Sunday, May 10, 2009
49. A lady's life in the Rocky Mountains
I learned about this book on Bookflurries, a weekly Diary/book chat written by my friend Connie on The Daily Kos.
Isabella L. Bird was a truly remarkable woman who traveled alone all over the world in the mid 1800's and described her adventures in a series of letters to her sister. Here is a link to Wikipedia you can follow to learn more about her. Isabella L. Bird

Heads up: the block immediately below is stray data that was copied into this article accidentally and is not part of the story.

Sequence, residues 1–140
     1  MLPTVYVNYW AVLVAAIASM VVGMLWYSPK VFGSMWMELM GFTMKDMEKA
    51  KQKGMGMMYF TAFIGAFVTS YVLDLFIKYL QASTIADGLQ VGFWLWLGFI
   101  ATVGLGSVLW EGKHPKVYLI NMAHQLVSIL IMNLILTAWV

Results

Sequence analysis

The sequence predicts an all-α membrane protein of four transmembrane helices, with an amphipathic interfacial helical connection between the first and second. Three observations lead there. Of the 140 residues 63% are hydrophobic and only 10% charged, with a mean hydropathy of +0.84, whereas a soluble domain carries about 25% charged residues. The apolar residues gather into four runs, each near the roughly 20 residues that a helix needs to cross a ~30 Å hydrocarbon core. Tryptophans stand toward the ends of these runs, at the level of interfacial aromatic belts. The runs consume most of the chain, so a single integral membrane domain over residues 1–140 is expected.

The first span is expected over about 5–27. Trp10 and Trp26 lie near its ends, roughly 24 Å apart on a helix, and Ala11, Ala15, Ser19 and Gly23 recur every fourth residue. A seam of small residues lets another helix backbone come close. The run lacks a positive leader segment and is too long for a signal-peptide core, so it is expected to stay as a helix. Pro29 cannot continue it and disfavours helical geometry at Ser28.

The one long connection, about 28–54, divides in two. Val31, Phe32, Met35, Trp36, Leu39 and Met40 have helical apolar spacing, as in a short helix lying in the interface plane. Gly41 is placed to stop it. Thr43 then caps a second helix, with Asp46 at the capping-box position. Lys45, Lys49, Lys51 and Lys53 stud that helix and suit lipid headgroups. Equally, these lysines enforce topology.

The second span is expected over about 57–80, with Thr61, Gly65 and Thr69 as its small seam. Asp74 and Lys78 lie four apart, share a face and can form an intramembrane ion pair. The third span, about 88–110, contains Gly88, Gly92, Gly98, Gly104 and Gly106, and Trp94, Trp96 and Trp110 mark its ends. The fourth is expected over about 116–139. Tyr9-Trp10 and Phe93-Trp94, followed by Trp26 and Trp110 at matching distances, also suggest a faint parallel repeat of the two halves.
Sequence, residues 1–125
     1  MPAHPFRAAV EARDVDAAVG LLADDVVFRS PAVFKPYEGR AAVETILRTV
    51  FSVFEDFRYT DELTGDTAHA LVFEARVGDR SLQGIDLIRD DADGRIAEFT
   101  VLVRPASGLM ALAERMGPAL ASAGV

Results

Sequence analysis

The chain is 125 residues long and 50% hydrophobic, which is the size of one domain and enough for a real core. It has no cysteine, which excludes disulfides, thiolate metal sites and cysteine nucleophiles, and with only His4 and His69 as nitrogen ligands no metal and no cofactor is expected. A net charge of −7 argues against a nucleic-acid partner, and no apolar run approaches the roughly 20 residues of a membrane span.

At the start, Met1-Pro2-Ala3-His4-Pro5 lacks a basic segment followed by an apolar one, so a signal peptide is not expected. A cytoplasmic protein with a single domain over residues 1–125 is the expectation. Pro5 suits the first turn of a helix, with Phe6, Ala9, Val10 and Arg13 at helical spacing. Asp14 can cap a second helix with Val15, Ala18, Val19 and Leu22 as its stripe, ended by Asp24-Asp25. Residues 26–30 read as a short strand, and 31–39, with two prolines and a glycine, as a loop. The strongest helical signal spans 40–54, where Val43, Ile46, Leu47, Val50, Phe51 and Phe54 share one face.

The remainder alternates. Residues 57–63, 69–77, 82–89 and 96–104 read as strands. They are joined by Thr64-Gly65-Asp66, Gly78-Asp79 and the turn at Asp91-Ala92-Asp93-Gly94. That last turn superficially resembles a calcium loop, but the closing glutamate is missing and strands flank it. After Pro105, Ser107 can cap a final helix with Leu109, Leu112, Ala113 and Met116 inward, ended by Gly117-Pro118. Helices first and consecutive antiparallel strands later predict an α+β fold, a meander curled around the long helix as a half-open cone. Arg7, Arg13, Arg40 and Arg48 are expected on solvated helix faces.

FROM LIBRARY SUMMARY: "In its simple and disarming style, it is a great piece of reporting on a rugged frontier."--San Francisco Chronicle "The book is a jewel case of keen perception, social analysis, and masterful description for this era."--Chicago Tribune In 1873 Isabella Bird embarked on a trip that called for the high level of stamina expected of an explorer or anthropologist. But the middle-aged Englishwoman who toured the Colorado Rockies on horseback--alone, for the most part--was neither of these. Painting an intimate portrait of the "Wild West," she wrote eloquently of flora and fauna, isolated settlers and assorted refugees from civilization, vigilance committees, lynchings, and the crude manners--yet gentle civility--among the men she encountered in the wilderness. A thoughtfully written, captivating narrative that provides a vibrant account of a bygone era and the people that forever changed the face of the American frontier.